130 Monday Musing - Man and God
Someone asked me the other day what my view about God was. I was temporarily taken aback by the colossal nature of the question, the import of which far exceeded the age and agenda of the person asking and the person asked. But a question it was and so begged for an answer.
The notion of God and His place in the overall scheme of things varies with culture. There is a significant difference in the notion of God in the eastern and the western world. Within our eastern worldview too there is an amazing diversity in the notion of God and more importantly how to reach Him. Some belive we should be 'God fearing', others believe in 'surrendering to Him', while yet others belive in 'Loving' him - either which way there is an unique and personal relationship that gets established between the worshipper and the worshipped.
I recognise my own inability to believe that God created man and his universe as a distinct event, almost like a divine project - and despite having been born in a culture which did propagate man's essential subservient position vis-a-vis the divine, i recognise my inability to relate to this notion of God. I am also growing to believe that in all likelyhood, man needed God, in its various avtaars, more as an explanation and support to tide over the vicissitudes of existence. God many not have created man, but man had definitely reasons to create Him.
Nothing scares man more than uncertianity and ambiguity. In fact i believe all of human civilisation is a story of mans relation to uncertianity and ambiguity. What we cannot control or predict, or what we are unsure of, scares us. What we cannot explain or put a rational cause and effect relation to, worries us. The mere thought of future as a place we cannot have cut out to follow a particular script worries us. Just as the cave man could not explain thunder, shower and lightening, the modern man cannot explain career and family uncertianities - and both need an anchor to hold themselves to. So we have nature Gods for the caveman and we have numerous godmen for the modern day man.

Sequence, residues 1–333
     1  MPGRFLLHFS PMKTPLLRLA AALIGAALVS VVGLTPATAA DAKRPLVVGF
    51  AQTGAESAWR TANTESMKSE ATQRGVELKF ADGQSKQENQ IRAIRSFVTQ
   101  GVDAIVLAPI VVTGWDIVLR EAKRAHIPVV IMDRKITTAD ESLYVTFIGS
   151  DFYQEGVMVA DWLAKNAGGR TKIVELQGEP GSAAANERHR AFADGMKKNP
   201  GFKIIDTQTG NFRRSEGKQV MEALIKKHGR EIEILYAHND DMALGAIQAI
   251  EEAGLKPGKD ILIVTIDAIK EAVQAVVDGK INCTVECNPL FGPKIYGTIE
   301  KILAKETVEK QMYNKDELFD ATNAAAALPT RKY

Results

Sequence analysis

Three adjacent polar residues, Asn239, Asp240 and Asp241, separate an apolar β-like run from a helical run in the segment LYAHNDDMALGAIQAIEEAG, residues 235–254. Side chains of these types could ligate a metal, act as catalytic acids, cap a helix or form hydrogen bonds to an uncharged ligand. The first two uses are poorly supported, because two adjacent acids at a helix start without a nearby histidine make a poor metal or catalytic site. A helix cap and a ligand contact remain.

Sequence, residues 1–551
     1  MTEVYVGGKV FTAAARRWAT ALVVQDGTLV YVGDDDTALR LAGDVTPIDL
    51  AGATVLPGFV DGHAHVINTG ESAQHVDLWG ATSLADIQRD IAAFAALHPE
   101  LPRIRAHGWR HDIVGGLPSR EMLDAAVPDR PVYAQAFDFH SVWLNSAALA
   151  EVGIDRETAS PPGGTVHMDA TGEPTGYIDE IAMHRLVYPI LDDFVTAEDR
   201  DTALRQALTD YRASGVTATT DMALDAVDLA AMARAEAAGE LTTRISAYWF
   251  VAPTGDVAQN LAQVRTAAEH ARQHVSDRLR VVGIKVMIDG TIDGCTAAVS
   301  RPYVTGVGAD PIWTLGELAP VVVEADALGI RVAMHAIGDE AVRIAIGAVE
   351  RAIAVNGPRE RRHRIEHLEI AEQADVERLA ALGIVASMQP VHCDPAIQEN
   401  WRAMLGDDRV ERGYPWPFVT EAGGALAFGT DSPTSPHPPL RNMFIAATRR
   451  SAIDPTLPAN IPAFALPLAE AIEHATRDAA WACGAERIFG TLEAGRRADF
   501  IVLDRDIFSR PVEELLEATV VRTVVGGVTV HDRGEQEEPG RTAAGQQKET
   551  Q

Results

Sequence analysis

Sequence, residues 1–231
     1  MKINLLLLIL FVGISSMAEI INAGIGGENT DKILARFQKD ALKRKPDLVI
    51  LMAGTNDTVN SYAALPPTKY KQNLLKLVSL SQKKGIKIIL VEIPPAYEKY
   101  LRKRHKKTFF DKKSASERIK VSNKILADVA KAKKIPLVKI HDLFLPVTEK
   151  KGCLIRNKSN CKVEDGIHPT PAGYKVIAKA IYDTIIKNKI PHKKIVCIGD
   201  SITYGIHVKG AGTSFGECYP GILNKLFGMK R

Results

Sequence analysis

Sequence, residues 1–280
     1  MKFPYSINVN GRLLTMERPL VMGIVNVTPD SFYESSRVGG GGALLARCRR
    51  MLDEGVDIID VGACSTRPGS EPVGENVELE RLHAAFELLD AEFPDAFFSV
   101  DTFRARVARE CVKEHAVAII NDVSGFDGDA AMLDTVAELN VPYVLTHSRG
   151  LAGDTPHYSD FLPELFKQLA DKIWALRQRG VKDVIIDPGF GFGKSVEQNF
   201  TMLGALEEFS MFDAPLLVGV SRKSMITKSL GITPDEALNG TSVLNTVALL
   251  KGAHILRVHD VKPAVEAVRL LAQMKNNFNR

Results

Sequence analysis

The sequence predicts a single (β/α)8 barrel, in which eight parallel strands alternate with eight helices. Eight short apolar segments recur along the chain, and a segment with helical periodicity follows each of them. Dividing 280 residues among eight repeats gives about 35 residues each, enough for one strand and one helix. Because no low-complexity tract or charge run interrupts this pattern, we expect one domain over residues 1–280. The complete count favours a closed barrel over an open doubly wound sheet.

Some may not believe in any notion of God, but are surely scared of the unknown and believe its advisable to keep him in good humor. It is better to have God on your side when the tide turns adversarial. So if following a set of rituals either prescribed thorugh generations or through new found faiths, provide a sense of security, why not!. It is not uncommon to find many, if not most, to go through these rituals of fast, pilgrimages, darshans and worship, as a routine, as soul-less steps of an algorithm, without really relating to it, or connecting with it as a spiritual experience. They still do it, so that the unknown does not get offended and withold his benediction and blessings. It is almost like an all encompassing, all powerful insurance cover one buys for life itself.
I am also growing to believe that while most do not understand and experience God as a truly soulful experience, it is still better to be a believer in the notion of God, because it lends two things so essential to survive - stability and hope. In the worst of circumstances, in the bleakest of things, God provides an inexplicable hope of correction, redemption and improvement. That hope lends man courage to go on, to keep moving, to keep living. And in an otherwise hopeless, cruel, and infinitely disturbing web called life, that hope is worth calling God.